Guide to Recent Bankruptcy Law Changes

Bankruptcy 2017-02-28T21:22:15+00:00
  • Bankruptcy

Part 4 of the Personal Insolvency Act 2012 provides a number of coherent amendments to the 1988 Bankruptcy Act and provides for a much less costly approach to bankruptcy. The amendments follow on from the 2011 Civil Law Act (Miscellaneous Provisions).


The new provisions for the act are as follows:


  • A creditor bankruptcy summons

(I) €20,000 is the new minimum amount for a creditor or combined non-partner (€1,900 is the current limit for a creditor and €1,300 is the limit for a combined non-partner creditor).


(II) The debtor must be given fourteen days notice to ensure that a bankruptcy settlement is not brought prematurely by a creditor. This time allows the debtor to consider other options such as Debt Settlement Arrangement or Personal Insolvency Arrangement.


  • In order for a creditor to petition for bankruptcy the creditor must prove debt over €20,000.


When a debtor makes a petition they must:


(I) Swear an affidavit declaring that they have made considerable efforts to find alternatives to bankruptcy, such as Debt Settlement Arrangement or Personal Insolvency Arrangement, and,


(II) Present statements which support the claim that their debt exceeds their assets by more than €20,000.


  • The adjudication of a creditor’s petition for bankruptcy

The assets and liabilities of the debtor will be weighed and assessed by the court and when applicable legal proceedings may be adjourned to allow the debtor to enter into a Debt Settlement Arrangement or Personal Insolvency Arrangement.


  • Excepted articles

The maximum value of household furniture, tools or equipment required by a bankrupt for a trade or occupation has increased from €3,100 to €6,000.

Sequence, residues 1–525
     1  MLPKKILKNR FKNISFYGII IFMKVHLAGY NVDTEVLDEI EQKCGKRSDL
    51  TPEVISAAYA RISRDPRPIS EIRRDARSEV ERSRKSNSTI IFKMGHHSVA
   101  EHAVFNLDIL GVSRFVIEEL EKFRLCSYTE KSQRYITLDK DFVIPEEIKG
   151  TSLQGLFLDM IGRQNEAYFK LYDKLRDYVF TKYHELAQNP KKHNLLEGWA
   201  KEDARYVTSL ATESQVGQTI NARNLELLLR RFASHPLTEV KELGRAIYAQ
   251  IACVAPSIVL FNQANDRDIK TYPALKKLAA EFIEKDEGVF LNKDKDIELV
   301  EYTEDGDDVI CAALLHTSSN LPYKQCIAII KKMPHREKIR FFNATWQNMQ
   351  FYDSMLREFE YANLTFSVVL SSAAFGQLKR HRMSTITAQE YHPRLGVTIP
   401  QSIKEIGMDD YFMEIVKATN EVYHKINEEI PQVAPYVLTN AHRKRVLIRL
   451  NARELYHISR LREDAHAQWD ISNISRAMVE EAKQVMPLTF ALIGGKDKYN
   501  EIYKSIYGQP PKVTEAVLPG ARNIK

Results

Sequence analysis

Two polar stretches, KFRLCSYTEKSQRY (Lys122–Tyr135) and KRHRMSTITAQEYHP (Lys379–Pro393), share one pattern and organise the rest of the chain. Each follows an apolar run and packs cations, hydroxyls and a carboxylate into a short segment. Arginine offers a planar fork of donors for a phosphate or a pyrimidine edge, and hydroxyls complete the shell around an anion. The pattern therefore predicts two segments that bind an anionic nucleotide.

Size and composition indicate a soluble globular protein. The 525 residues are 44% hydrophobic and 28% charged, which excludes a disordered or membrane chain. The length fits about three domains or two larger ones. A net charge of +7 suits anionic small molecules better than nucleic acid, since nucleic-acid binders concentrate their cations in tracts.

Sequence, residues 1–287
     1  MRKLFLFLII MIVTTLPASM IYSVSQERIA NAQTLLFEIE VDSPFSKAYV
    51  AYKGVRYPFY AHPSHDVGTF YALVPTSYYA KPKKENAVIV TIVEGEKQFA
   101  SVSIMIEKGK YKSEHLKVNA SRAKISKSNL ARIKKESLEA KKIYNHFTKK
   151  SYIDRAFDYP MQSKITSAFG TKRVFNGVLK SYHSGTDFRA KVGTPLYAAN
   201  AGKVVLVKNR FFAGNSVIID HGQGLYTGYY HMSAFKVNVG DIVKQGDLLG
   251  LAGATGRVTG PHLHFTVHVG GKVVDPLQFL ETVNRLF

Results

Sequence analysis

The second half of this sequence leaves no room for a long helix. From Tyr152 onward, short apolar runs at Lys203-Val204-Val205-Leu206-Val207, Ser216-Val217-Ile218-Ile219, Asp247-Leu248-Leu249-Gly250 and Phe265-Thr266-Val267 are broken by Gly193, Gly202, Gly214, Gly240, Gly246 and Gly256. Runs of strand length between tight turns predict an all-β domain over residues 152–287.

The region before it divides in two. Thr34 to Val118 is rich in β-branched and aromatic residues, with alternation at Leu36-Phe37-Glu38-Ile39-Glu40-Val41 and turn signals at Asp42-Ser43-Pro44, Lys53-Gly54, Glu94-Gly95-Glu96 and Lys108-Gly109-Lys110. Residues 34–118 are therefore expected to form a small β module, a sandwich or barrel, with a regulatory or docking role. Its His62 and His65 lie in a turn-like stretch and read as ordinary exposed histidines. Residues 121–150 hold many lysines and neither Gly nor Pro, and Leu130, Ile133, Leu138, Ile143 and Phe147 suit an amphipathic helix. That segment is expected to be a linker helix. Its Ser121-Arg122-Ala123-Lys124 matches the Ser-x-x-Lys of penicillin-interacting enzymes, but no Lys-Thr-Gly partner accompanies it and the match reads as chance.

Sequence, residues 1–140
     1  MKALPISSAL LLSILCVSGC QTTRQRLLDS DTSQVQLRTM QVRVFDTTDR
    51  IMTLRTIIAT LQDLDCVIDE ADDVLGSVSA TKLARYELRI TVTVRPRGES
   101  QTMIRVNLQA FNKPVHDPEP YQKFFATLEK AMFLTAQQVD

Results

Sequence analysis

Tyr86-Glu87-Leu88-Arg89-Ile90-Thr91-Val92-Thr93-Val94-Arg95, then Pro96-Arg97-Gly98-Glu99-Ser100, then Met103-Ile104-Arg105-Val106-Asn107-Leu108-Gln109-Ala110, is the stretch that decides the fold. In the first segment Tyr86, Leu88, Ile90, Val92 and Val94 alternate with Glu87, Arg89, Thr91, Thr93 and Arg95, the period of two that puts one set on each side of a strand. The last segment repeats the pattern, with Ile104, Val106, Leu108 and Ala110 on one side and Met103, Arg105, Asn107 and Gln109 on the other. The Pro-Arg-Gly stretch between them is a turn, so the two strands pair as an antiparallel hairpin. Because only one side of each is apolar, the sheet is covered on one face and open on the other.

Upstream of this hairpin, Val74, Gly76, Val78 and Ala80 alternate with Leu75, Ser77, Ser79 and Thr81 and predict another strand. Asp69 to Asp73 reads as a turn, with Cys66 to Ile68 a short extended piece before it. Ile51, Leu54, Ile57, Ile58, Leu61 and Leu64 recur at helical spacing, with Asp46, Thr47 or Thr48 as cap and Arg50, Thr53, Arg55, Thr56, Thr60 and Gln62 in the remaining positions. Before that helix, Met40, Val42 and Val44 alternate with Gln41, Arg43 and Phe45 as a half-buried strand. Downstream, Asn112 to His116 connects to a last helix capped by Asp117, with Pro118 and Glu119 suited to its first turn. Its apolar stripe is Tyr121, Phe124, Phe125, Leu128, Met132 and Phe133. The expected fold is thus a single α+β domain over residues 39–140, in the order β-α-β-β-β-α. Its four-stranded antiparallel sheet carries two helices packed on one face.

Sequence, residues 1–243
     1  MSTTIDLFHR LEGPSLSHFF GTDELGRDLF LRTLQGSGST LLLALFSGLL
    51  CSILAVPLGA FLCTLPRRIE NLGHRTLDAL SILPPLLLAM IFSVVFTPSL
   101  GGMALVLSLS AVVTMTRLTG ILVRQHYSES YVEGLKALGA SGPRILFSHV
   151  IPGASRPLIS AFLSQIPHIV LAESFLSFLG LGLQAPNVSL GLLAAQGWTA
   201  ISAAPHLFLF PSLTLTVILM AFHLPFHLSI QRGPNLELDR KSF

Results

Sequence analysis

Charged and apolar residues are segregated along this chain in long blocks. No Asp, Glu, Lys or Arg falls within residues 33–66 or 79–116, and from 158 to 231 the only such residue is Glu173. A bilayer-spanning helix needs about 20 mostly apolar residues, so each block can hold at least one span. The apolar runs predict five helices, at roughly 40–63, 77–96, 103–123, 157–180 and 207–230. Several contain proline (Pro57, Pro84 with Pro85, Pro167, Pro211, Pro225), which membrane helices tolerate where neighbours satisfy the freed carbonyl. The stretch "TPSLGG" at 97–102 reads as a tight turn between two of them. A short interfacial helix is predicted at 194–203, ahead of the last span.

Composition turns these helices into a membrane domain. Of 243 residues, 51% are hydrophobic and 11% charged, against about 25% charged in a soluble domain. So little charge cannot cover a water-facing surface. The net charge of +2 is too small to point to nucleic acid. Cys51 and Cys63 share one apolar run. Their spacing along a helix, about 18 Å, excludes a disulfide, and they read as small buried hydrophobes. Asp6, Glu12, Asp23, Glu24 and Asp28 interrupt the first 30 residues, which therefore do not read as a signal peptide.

• Avoidance of fraudulent preferences and other transactions made before adjudication in bankruptcy.

The time period is increased from 1 year to 3 years.


  • Avoidance of other settlements

The time period with regard to voluntary settlements of property is increased from 2 years to 3 years before adjudication to bankruptcy.


The following new provision will apply for discharge from bankruptcy:


(I) automatic discharge from bankruptcy will apply after 3 years from the date of adjudication.


(II) When the Act has come into law with bankruptcies having existed for 3 or more years they will be automatically discharged after a period of 6 months to allow for any creditor to register an objection.


(III) The unrealised property of the bankrupt will remain vested in the Official Assignee in Bankruptcy after discharge from bankruptcy and the bankrupt party will remain under a duty to co-operate and fulfil Assignee terms and conditions with regard to their property.


(IV) A creditor or an assignee can register an objection with the court on the basis that the debtor has failed to co-operate with the terms and conditions of the agreement or if the debtor is suspected of having concealed assets or income. The court can suspend the discharge while an investigation is underway.


(V) Following court proceedings the court may rule for the bankrupt to make payments of their income or assets to the Official Assignee which will in turn be made to the creditors. In making this decision the court will have considered the bankrupt’s living expenses, income, etc. This payment order can be reviewed if the income or assets of the bankrupt changes. This order must be applied for before the bankrupt has been discharged from bankruptcy and may not operate for more than 5 years.


In the 1988 Bankruptcy Act there are no prohibitions preventing the bankrupt from participating in employment. Such prohibitions, where they exist, are evident in sectoral legislation; such as the Electoral Acts with regard to the membership of Dail Eireann in contracts of employment.


Regulation of PIPs

The regulation of Personal Insolvency Practitioners is evident in part 5 of the act. Despite this a definitive approach to the regulation of PIPs whether they are members of the legal or accountancy professions, still awaits a final decision. The Departments of Finance and Justice and Equality and the Central Bank consult in this regard and will legislate on this decision in the future.